This is all fantasy, yet several of these shows aspire to bring in real emotion to drive the drama. You can’t have it both ways. It inures the characters to violent death, and by doing so, us. Only “Buffy” attempted to deal with the consequences, particularly with Willow, but redemption was generally only a few episodes away [and was rewarded with hot sex].

I realize that I am asking too much out of what is meant to be entertainment. But it’s one thing for a character to commit murder, or mass murder, as part of his/her story. It’s another for everyone else to ignore it — or worse, go “That’s cool. What can you do for me now?”

And don’t get me started on Darth Vader.

Synchonicity and Murder

In the first year of the Lehman Engel Musical Theater Workshop, they rotate the lyricists with the composers for each project. The final project is a ten minute musical. Having gotten in with no real musical theater experience, I was panicky and insecure about having enough time to write one in three weeks. My solution was to start writing it long before I knew who I would be paired up with, which was grossly unfair to my unknown composer.

Nevertheless, I forged ahead, picking a classic macabre murder story to musicalize, because I thought it would be perverse fun. Fortunately, I was paired with a young composer named Matt Frey, who not only accepted what I had done, but ran with it with his own musical craziness.

The middle section was an extended scene for the three crime scene officers. Matt’s music caught the insanity of my lyrics, switching meters practically every measure: 5/8, 6/8, 7/8, 6/8.

While this was happening, my day job as a public defender took me into a real murder case. It was one involving a great deal of forensics, including one area that was new to me — blood splatter analysis. This was before the Dexter books and series made it cool. I was working with a mentor, Tom Klein, who was the Roving Murder Guy at Legal Aid. He set up a meeting with the Crime Scene Analysts working at the Office of the Chief Medical Examiner.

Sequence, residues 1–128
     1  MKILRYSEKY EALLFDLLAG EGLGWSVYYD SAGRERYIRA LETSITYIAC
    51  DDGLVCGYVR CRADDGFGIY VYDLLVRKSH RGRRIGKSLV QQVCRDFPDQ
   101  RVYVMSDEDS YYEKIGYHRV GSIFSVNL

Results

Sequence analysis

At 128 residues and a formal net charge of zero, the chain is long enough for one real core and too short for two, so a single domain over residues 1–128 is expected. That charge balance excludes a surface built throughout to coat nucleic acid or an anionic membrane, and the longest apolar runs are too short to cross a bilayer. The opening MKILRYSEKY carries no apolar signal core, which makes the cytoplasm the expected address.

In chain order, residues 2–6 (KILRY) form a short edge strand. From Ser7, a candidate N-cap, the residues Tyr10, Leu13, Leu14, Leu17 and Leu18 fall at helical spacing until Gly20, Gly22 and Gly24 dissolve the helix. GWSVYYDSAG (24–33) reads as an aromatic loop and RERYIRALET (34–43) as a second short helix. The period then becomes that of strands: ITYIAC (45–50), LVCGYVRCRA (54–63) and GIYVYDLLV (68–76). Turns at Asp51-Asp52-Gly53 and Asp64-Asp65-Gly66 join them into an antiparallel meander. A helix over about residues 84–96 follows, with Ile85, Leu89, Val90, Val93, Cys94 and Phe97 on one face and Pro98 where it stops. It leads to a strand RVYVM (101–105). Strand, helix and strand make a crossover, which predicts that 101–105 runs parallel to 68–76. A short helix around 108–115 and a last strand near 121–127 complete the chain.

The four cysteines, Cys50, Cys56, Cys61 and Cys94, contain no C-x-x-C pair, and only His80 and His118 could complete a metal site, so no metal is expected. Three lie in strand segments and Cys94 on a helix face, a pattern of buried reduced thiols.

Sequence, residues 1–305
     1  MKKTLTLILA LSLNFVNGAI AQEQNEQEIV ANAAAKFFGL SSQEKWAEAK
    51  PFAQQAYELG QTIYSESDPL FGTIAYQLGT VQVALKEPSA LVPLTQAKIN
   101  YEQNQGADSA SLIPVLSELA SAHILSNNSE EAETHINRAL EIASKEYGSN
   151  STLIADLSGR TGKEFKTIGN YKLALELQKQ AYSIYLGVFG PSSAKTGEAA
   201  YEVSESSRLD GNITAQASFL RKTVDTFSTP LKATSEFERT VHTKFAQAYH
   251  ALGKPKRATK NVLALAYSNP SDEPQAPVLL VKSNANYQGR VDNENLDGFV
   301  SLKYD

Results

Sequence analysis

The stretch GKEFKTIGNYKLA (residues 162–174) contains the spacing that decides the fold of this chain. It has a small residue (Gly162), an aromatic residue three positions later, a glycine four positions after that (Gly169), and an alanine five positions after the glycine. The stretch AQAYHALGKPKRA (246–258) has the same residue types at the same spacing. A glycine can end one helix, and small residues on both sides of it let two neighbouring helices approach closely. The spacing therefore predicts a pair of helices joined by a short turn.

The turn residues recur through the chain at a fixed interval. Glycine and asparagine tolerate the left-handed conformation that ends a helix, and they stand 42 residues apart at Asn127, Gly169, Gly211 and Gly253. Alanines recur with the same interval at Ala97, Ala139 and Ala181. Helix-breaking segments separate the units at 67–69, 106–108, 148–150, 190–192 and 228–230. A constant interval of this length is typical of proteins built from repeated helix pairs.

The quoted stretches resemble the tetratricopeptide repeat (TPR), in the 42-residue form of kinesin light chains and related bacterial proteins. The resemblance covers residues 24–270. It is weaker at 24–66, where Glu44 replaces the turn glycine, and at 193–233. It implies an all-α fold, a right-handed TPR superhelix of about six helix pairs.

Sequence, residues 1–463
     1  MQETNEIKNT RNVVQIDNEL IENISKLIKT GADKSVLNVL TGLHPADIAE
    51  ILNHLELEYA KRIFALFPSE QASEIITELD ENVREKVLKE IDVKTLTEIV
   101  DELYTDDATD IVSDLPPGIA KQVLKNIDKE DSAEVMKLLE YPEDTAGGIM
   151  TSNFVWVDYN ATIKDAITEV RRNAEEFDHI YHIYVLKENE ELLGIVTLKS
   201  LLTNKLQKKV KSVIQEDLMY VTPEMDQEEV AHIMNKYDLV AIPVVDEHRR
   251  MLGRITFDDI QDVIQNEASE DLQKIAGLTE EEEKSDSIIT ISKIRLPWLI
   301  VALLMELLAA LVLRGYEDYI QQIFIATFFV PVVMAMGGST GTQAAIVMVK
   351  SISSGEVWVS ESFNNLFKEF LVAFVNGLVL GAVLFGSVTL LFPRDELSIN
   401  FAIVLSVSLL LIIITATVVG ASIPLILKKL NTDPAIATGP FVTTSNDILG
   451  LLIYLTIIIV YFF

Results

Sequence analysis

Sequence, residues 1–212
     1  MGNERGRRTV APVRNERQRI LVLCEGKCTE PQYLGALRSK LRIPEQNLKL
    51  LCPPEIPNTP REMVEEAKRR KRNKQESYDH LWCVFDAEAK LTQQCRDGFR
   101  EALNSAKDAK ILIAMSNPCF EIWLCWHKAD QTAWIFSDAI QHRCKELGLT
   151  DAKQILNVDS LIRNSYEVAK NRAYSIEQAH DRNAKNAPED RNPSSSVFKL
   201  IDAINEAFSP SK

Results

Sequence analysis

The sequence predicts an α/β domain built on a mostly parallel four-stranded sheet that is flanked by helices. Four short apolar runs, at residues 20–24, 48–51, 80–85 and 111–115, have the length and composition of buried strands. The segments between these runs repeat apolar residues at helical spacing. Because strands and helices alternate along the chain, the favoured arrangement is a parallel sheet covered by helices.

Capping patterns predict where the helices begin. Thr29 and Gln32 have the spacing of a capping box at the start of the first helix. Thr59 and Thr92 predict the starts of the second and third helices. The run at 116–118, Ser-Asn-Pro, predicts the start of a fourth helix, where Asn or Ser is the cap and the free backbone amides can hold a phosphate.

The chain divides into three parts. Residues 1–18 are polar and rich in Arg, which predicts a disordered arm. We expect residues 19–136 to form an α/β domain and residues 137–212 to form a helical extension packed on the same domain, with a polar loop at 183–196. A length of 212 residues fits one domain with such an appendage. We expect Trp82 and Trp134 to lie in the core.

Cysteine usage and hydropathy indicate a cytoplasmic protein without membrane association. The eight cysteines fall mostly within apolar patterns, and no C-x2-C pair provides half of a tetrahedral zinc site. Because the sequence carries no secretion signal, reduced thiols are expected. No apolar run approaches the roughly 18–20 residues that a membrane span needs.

I arrived early, and waited outside for Tom. Since I had some time to kill, I called Matt to talk over changes in the musical. About halfway through the conversation, it suddenly occurred to me that I was talking about a crime scene song in a murder musical while waiting to talk with crime scene analysts in an actual murder. Synchronicity.

And that was one of those moments when I realized that my life had gotten weird even for me.

The musical is getting its first performance since its debut [and closing] performance in the workshop. Come to the Cornelia Street Cafe on Monday, January 22nd. It can’t help but be better than when we put it on, because I won’t be singing this time.

Theater firsts:

First show: “Carousel,” the Lincoln Center revival with John Raitt, 1965. I was 5 or 6. Odd fact that stays with me — the Starkeeper was played by Edward Everett Horton, whose name I recognized as the narrator of “The Fractured Fairy Tales” from The Bullwinkle and Rocky show.

First off-Broadway show: “You’re a Good Man, Charlie Brown.” Also, my second show. Not the original cast. I still think it’s better than the revamped version, but nobody remembers the character of Patty [not Peppermint Patty] anymore.

First non-musical: “Le Bourgeois Gentilhomme,” by Molière, at the Comédie-Française. I was 13. My French wasn’t exactly fluent, but I enjoyed it.